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The Erotics CD-Release Party

The revival of gutsy garage rock over the last few years may indicate that the old Radiohead-led, Ambitious Millennial Angst Rock movement has closed up shop for a while. And we’re just fine with that: We like a good party (and good party music) as much as the next guy. But some of the standard bearers of good-time rock are just so freakin’ dopey. I mean, we got deeper into “deep” music to begin with because we were tired of watching the athletes in our high schools crush beer cans against their heads to the strains of Poison’s “Don’t Need Nothin’ But a Good Time.” We don’t want our parties stupid, man, we want them weird.

Enter the Erotics.

The Erotics combine all the simple musical pleasures of the most stripped-down New York Dolls-style punk with all the sleaze-saturated attitude of early L.A. glam-metal. And though they’ve got more than their fair share of recreational-self-abuse songs, they’re never of the predictable chest-thumping, Coors-can-crushing variety. Simply put, the Erotics are damaged—damaged and hilariously un-P.C. On previous releases, they’ve revealed a curious fascination with the History Channel (Hitler and Helen Keller feature prominently as subjects—as do jet-packs); on the newest one, All That Glitters Is Dead, there’s an eschatological bent. “Gas Chamber Barbie Doll,” “Death of the Party,” “Supermodel Suicide” and “Bullet” flesh out the album title’s grim promise. Party-hearty traditionalists, take heart, though: The Erotics also tip their hats ironically to the conventions of the genre with “Fast Cars and Porno Stars” and “Date Rape (By Candle Light).”

The Erotics will celebrate the release of All That Glitters Is Dead at Valentine’s (17 New Scotland Ave., Albany) tomorrow (Friday, June 13). Sharing the stage for the CD-party blowout will be the Charms, the Bamboo Kids, Rock City Crimewave and Scamper. Tickets for the 8 PM show are $7, which includes a copy of the CD. For more information, 432-6572.

Morvern Callar

Morvern Callar (Samantha Morton, pictured at right) wakes up on Christmas morning to find her boyfriend dead on the kitchen floor. He has committed suicide, leaving her an unpublished manuscript, an ATM card, and a two-word message: “Be brave.” (This is probably not what she expected from Father Christmas.) Callar buries him in the backyard and hits the road with a pal (Kathleen McDermott, pictured at left).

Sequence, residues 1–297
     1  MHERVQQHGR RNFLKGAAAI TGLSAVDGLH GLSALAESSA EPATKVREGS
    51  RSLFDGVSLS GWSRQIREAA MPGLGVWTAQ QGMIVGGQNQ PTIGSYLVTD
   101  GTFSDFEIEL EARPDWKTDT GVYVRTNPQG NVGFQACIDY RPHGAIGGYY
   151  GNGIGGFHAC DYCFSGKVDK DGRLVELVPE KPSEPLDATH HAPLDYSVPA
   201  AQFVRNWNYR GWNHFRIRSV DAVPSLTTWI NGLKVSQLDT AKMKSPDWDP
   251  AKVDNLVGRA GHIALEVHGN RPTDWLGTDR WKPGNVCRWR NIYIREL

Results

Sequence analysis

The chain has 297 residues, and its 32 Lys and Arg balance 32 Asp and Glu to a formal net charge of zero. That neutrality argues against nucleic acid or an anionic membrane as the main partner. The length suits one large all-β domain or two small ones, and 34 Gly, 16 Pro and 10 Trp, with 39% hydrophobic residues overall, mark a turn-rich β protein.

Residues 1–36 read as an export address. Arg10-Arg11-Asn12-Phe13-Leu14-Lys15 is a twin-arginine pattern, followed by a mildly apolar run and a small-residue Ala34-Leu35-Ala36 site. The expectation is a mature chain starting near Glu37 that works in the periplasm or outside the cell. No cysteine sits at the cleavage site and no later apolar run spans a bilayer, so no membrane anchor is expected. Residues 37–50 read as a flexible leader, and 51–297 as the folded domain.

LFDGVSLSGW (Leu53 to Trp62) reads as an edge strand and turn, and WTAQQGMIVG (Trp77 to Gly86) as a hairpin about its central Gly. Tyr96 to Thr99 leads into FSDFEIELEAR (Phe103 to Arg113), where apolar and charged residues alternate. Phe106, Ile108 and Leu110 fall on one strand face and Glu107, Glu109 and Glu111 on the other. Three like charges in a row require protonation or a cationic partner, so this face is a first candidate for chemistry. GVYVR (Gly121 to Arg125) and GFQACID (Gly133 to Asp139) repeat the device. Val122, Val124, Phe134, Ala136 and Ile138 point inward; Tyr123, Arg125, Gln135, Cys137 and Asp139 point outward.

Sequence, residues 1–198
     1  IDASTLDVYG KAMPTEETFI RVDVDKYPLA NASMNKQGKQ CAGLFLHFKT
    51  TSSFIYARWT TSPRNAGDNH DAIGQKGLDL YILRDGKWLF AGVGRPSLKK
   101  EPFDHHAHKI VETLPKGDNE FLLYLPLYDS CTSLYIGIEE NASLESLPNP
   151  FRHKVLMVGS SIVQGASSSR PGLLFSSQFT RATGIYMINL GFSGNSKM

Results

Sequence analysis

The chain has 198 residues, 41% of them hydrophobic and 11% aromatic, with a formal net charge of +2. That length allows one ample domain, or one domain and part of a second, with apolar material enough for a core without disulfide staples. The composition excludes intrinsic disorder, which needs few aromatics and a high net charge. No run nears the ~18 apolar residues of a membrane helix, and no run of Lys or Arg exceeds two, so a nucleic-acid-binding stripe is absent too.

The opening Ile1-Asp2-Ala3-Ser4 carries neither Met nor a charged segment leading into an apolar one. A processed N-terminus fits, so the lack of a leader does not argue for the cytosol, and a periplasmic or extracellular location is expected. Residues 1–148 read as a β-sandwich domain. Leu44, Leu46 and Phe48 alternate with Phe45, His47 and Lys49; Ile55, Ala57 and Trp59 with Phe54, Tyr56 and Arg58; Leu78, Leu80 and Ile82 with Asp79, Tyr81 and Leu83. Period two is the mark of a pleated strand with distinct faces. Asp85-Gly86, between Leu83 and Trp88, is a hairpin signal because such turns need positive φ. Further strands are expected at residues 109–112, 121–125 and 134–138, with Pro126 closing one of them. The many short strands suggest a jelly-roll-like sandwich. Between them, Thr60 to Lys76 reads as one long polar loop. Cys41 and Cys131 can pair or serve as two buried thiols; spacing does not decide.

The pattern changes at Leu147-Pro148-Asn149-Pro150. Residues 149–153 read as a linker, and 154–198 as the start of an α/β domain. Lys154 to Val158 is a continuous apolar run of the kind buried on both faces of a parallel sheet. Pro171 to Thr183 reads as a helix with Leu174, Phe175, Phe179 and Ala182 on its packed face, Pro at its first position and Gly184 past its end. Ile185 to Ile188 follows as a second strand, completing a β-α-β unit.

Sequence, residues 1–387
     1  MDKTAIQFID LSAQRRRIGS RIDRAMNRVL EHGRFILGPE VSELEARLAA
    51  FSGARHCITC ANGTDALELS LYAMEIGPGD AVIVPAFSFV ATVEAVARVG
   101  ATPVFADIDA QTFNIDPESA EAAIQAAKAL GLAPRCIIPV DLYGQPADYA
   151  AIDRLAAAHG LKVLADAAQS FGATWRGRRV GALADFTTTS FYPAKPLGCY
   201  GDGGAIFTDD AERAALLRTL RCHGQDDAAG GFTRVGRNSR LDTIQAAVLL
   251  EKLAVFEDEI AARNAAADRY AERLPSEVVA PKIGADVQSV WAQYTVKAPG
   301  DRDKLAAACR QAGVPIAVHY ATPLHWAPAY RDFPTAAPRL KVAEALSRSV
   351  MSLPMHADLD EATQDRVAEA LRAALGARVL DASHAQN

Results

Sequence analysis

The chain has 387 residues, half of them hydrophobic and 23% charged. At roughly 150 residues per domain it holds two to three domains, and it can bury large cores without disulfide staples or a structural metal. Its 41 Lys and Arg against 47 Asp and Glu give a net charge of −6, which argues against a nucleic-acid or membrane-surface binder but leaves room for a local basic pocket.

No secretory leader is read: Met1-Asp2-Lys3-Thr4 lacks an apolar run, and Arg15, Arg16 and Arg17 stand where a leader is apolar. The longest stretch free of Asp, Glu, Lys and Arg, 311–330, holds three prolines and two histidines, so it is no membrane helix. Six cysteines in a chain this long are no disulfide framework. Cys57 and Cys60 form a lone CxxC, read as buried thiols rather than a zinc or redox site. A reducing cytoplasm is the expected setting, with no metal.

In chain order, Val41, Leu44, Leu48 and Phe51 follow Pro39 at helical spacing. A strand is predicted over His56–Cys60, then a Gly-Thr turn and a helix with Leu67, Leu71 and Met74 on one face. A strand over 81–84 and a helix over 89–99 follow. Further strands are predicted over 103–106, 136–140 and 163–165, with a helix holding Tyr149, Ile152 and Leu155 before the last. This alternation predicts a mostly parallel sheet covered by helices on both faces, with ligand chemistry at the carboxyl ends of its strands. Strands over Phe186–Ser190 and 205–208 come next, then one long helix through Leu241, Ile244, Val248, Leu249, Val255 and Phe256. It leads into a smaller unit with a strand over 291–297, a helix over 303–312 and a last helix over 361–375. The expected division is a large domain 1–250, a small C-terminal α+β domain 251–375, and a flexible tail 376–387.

That’s the opening scene in Lynne Ramsay’s acclaimed 2002 British film, also titled Morvern Callar, which is making its belated local debut tonight at Saratoga Film Forum. This startling story follows the enigmatic Callar as she puts her life back together in mysterious and surprising ways. The film deals with those sticky issues like morals, motives and desires. The audience can never be sure if she’s cold and calculating or simply emotionally devastated.

Morton—last seen on these shores in the Steven Spielberg-Tom Cruise collaboration Minority Report—gives what critic Peter Bradshaw describes as “a luminous and charismatic performance” as Callar, radiating confidence in her art. Equal praise has been bestowed on director Ramsey; the Los Angeles Times says that Callar “confirms Lynne Ramsay as an important, original talent in international cinema.”

Morvern Callar will be screened at Saratoga Film Forum (Saratoga County Arts Center, 320 Broadway, Saratoga Springs) tonight (Thursday, June 12) and tomorrow (Friday, June 13) at 8 PM. The film in not rated, and contains adult situations and sex. Tickets are $6 for nonmembers and $4 for members. Call 584-3456 for more information.

Bike Monster Theatre

Andrew Lynn and Troy Bike Rescue are at it again, melding art and action. This Saturday they’ll attempt to create a parade of characters to rival Troy’s Fourth of July parade with their Bike Monster Theatre at the Arts Center in downtown Troy—and, expectedly, it’s a dual event.

The Bike Monster Theatre streetshop and parade will be the outdoor happening. At 4:30 PM Saturday, a parade of monsters on bikes will cruise through downtown Troy. The costumes will be made at the streetshop, beginning at noon, and participants of all ages are encouraged to bring anything that may go into the making of a monster, monster accessories and monster props. Chalk, paint, usable junk, crayons, glue-guns, cardboard—the bigger the better—are all encouraged. “Come and express your creativity by creating a personal bike-monster and participating in a leisurely ride in costume,” so sayeth TBR’s press. It’s fun, arty and social.

As with everything Troy Bike Rescue does, the Bike Monster Theatre parade and streetshop is an experiment—and you fine Capital Region folk can affect the results. Bring along something to bang on, blow through, strum, pluck or bow if you’ve got it, as the parade will have musical accompaniment.

There’s more: Earlier this spring, Troy Bike Rescue received a New York State Council on the Arts grant through the Arts Center, and this exhibit has been in the making since then. Inside the building will be an installation of Green Bikes, the results of a TBR program to make bikes available to the populace by placing them in public places. Lynn, TBR’s main dude, will give a presentation at 4 PM. The displayed bikes will be donated to the Troy’s Riverspark Tourist Center at the end of the day. Then it’s on to the parade.

Troy Bike Rescue’s Bike Monster Theatre events will take place Saturday (June 14) from noon to 4 PM in and around the Arts Center of the Capital Region (265 River St., Troy). Call the Arts Center, 273-0552, or go to www.breathinplanet.net for further information.


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